As Computerworld reports, the search for simplicity is driving Linux and Windows into the data center in ever growing numbers. Gartner expects Windows to hit $19.6 billion in 2007, growing to $22.2 billion by 2012, 13% growth. Linux will pull in $8.6 billion in 2007 and boom to $12.2 billion by 2012, 40% growth. Linux, then, is growing faster, but largely because it's starting from a smaller installed base.
The big loser in all this is Unix, which will not lose revenues (holding flat at roughly $16 billion), but won't grow them. Consolidation of … Read more
As if the Microsoft vs. Google battle didn't already resemble a game of Risk, the software giant announced plans to move into Irkutsk.
The software maker confirmed Monday that it has signed a memorandum of understanding with the regional Siberian government, but said that it is too soon to say whether Irkutsk will be the site of a planned data center in Russia.
"Though Microsoft Russia is working on potential data center construction in Russia, we are still far from final site selection," the software maker said in a statement.
Microsoft has been on a building spree … Read more
Something hit me the other day. Perhaps it was two years of education at the hands of Larry Lessig finally sinking in. Or perhaps it was my reading of Gene Simmons' commentary on those pesky kids who steal his music. Whatever the impetus, it finally all came together.
Twentieth century software business models focus on scarcity because they're founded upon 20th century conceptions of property (actually, their origin is a few centuries' older than that, but never mind).
Scarcity is the absolute wrong way to build a software business in the 21st century, with the rise of digitization. It is pointless and fruitless to insist that the digital world act like the physical or analog world, and build business models that conform to this false view. To thrive in the new software world, we need to embrace its changes rather than fight them.
Inspired by Glyn Moody, I wrote a few weeks ago that "in a digital world, the money is in analog." But the principle is actually much deeper than this.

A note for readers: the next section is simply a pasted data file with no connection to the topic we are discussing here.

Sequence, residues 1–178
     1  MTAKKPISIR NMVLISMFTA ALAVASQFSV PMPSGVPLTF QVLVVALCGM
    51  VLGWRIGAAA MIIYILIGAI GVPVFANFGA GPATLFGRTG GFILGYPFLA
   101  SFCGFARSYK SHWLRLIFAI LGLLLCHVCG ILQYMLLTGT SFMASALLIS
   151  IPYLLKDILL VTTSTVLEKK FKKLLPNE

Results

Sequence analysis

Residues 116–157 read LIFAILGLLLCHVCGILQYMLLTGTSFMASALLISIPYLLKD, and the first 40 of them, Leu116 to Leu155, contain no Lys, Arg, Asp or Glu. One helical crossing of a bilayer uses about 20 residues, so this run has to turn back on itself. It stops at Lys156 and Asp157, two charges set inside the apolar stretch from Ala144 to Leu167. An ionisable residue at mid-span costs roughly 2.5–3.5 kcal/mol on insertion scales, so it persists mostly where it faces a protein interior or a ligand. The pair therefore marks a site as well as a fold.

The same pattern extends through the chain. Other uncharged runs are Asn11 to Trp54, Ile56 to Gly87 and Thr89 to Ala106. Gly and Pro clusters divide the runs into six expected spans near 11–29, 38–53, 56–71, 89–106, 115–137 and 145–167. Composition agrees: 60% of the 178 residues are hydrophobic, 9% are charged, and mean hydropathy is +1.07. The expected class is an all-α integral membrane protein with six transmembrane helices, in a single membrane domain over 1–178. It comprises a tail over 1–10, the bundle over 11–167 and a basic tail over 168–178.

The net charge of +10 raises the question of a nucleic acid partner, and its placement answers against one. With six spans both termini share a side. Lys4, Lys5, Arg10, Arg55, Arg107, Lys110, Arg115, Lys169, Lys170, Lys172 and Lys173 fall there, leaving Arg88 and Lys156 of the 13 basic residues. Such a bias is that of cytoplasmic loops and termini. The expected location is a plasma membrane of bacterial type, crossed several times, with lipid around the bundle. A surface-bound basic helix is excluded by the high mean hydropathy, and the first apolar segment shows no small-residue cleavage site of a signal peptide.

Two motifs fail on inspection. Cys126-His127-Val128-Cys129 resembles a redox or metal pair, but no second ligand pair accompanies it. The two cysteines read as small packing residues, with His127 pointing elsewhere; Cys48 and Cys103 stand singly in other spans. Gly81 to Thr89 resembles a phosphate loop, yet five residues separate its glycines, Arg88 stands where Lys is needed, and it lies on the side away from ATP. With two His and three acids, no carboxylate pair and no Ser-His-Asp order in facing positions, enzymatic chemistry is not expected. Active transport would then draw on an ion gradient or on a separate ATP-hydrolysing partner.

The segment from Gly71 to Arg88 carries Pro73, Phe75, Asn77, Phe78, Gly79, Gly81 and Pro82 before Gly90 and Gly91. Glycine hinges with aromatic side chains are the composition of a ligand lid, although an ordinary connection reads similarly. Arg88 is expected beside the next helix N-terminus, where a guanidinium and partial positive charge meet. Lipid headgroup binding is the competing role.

To get at the principle, it's useful to look at the successful business models of a few 21st century pioneers, including Google and Red Hat:… Read more
Though beaten to the punch by the FCC, Dell introduced the world to its forthcoming all-in-one PC at Oracle OpenWorld in San Francisco Wednesday.
Well, it wasn't a formal introduction as much as an all-too-brief glimpse of the XPS One A2010, which resembles a wide-screen TV with separate keyboard. Chief Executive Michael Dell drew the crowd's attention to the all-in-one during his keynote when he asked Chief Technology Officer Kevin Kettler, who joined him on stage, what "that" device was. Playing along, Kettler "guessed" that it looked like a TV, since it had a … Read more
SAN FRANCISCO--For the record, Hewlett-Packard CEO Mark Hurd would not let Oracle grand poobah Larry Ellison beat him at tennis.
These and other important questions were answered in a more conversational approach to the afternoon keynote slot at this year's Oracle OpenWorld here. In lieu of a traditional speech, Hurd, chairman and chief of the world's largest PC company, answered previously videotaped questions--most of which seemed canned--about a variety of topics.
The questions, posed by ostensibly random conference attendees, ranged from the obvious ("Should I buy an HP or a Dell?"), to the unnecessary ("Would … Read more
Keeping data is crucial, there's no doubt about this. Data backing up has evolved from as painful as copying files onto a floppy disk to an eye candy with Apple's recent invention of the Time Machine.
However, on the other hand, completely losing data is equally important, when you decide to let go your old hard drive. Trashing files from within the operating system generally doesn't make the information completely go way. And you don't want it to be retrieved by people with ill intention.
Just last week I wrote a blog that described the ongoing market consolidation around data loss prevention (DLP) and its effect on market leader Vontu.
The blog titled, "High noon for Vontu?", was generally accurate but I got the details wrong. Rather than high noon, it turned out to be midnight on New Year's Eve for the Vontu team: investors got to party like it was 1999 this week when Symantec acquired Vontu for $350 million.
It was a pretty sure bet that Symantec would buy a DLP company, but why Vontu? After all, other security leaders--for … Read more
Growth in the IP lawsuit sector of the economy and the resulting patent-reform movement can leave you thirsting for reliable data on which to base policy judgments and cocktail-party conversation. Initially, I thought the IEEE Spectrum's annual patent stats roundup, Keeping Score in the IP Game would handily rehydrate my chit-chat cortex. After all, the data contains glittering--although frequently unsurprising--infonuggets like:Microsoft ranks fifth for total patents awarded in the Computer Systems and Software category (1,469), but first in IEEE's computed measure of the power conferred by those patents. The other four top players in that category … Read more
The Congressional Quarterly's Jeff Stein recently reported that the FBI went trawling through grocery store records in order to track down Iranian terror cells. In his article, he writes, "like Hansel and Gretel hoping to follow their bread crumbs out of the forest, the FBI sifted through customer data collected by San Francisco-area grocery stores in 2005 and 2006, hoping that sales records of Middle Eastern food would lead to Iranian terrorists." The program, however, was short lived and was quickly "torpedoed by the head of the FBI's criminal investigations division, Michael A. Mason, … Read more